According to the Wall Street Journal, China’s Ministry of Industry and Information Technology is currently drafting a 10-year plan that has as it’s goal making the country the world’s leading producer of plugin hybrid cars and technology by 2020. This news was provided to the Journal from a group of international auto executives.
The policy is being designed to force foreign automakers to share critical EV technology and intellectual property with the Chinese government in exchange for being allowed to sell cars there. The automakers would be required to enter into joint ventures with Chinese state-run companies, and would only be allowed to take minority stakes in these ventures.
The rapidly growing Chinese market, and its emphasis on reducing petroleum dependence is extremely important to automakers looking to expand sales and profit, GM included.
Since Chinese car companies have been unable to break into international sales, blackmailing US and other automakers into giving away EV technological secrets is a shortcut to that goal.
Needless to say, foreign automakers are very unhappy and concerned about this developing policy.
The plan is “tantamount to China strong-arming foreign auto makers to give up battery, electric-motor, and control technology in exchange for market access,” a senior executive at one foreign car maker. told the Journal. “We don’t like it.”
US Representative John Dingell, a Michigan democrat, became outraged at the idea after reading the Journal article and has written a letter to China’s ambassador to the US Zhang Yesui. Dingell said the Chinese plan would violate “the sanctity of the intellectual property laws we hold so dear in the United States.”
In the letter he said China should not “require foreign automakers to hand over electric vehicle technology to their Chinese competitors in exchange for market access in China.”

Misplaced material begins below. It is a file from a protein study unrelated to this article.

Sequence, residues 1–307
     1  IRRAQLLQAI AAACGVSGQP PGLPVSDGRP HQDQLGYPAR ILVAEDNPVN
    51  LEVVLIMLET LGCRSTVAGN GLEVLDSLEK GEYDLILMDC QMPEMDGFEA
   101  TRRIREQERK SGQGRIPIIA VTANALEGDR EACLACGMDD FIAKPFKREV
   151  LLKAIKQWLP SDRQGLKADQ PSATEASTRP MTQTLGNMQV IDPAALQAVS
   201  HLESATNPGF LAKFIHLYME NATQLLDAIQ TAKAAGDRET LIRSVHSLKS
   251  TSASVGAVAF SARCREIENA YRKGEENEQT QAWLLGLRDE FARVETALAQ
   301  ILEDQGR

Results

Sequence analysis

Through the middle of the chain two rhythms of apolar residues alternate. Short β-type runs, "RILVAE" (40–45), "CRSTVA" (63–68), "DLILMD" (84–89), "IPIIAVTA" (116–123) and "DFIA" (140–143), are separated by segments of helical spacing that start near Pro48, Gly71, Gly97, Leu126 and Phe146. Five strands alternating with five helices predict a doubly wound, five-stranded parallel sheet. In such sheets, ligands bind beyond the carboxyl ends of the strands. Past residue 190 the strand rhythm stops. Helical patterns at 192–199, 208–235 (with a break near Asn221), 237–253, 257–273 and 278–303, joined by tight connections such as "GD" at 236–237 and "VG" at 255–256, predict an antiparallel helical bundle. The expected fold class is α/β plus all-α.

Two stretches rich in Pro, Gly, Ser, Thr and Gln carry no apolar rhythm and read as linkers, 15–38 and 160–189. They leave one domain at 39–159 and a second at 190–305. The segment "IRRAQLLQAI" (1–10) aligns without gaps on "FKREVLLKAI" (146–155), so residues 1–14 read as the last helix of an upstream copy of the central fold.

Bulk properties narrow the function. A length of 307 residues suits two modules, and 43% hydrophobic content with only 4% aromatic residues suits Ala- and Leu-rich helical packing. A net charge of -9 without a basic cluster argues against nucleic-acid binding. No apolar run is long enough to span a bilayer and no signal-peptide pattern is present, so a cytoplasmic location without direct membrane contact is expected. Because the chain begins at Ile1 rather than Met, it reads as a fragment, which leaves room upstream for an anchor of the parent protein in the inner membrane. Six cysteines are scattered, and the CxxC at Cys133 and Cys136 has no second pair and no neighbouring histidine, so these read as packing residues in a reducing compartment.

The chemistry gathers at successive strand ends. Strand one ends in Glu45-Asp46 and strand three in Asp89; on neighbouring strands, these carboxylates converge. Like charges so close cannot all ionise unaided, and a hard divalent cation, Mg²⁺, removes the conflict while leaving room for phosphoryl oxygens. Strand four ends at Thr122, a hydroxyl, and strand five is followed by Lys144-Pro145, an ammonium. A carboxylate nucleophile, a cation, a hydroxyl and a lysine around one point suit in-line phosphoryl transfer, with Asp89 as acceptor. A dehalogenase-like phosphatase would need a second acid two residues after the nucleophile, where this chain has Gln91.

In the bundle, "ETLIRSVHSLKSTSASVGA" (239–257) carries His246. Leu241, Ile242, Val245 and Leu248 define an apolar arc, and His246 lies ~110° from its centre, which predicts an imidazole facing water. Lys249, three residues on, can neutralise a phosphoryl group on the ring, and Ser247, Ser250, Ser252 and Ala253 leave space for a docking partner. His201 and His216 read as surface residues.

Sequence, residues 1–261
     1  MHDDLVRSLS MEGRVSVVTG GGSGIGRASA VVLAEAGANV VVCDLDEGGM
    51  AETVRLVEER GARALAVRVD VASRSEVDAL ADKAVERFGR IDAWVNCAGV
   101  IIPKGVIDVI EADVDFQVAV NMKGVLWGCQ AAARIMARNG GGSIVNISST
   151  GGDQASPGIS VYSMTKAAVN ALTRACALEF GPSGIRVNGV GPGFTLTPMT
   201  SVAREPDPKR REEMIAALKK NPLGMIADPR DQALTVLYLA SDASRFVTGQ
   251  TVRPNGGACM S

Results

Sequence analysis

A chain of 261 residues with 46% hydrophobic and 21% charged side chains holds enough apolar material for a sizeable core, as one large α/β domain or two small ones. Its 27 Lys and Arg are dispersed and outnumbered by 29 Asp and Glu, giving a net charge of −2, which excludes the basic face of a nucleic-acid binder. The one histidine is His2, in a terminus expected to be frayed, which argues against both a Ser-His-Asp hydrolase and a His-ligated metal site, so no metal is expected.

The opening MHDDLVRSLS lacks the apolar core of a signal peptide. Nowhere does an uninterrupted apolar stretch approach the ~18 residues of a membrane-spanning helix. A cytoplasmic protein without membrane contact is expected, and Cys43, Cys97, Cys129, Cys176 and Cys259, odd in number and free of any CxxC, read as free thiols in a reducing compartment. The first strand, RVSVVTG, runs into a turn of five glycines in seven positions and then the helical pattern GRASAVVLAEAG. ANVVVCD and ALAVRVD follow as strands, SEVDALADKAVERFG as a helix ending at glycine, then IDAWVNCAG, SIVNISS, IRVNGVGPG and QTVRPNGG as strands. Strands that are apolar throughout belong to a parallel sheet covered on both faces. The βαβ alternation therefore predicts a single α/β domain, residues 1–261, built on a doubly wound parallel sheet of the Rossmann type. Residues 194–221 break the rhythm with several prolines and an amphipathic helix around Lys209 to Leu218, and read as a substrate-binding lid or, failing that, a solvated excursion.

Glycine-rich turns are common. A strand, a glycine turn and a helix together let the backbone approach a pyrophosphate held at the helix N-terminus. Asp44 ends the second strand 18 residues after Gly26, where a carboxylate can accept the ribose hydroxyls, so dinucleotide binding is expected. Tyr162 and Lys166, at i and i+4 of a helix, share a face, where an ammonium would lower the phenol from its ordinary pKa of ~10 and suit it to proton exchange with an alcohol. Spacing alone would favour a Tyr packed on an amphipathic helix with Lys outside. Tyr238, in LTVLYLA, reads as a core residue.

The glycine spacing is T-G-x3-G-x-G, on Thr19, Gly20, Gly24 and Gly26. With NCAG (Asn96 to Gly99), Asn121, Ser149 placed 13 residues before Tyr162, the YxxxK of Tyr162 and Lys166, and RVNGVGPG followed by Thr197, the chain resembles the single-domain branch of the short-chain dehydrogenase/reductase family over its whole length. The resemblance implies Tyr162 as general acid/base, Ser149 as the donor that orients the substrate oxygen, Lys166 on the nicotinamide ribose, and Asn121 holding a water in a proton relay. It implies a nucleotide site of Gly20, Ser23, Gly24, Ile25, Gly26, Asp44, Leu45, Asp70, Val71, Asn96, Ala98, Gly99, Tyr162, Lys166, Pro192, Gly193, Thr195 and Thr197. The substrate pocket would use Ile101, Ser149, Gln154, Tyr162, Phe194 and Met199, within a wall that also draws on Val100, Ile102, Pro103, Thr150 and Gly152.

“China generally blocks U.S. companies from holding majority stakes in ventures and requires them to get Chinese partner, he added. “The U.S. has no such requirements for Chinese companies to acquire U.S. firms.”
Dingell and Senator Carl Levin also of Michigan (D) are urging a congressional committee to examine China’s actions. “We should all be alarmed by China’s attempts to dominate the renewable energy industry through measures that discriminate against foreign manufacturers,” Levin said.
GM has a large sales volume in China, even greater than its US volume. It also plans to sell the Volt there, and is already in a joint venture with Chinese company SAIC to develop the pure electric Chevrolet New Sale for the Chinese market. The SAIC-GM-Wuling joint venture has been successful in selling cars in China since it was formed in 1998
There are reports that the Chinese government via SAIC is eying the upcoming GM IPO closely, and is considering buying a stake in GM from the US government, currently a 61% owner. In fact, the U.S. Treasury Department has conceded GM investors would be sought from “multiple geographies.”
“Shanghai Automotive is watching GM’s progress closely,” wote SAIC staff in an email to the AP. “As a strategic partner of GM, SAIC-GM hopes for a successful IPO.”
If you think you have a problem with “Government Motors,” how do you feel about “Chinese Government Motors”?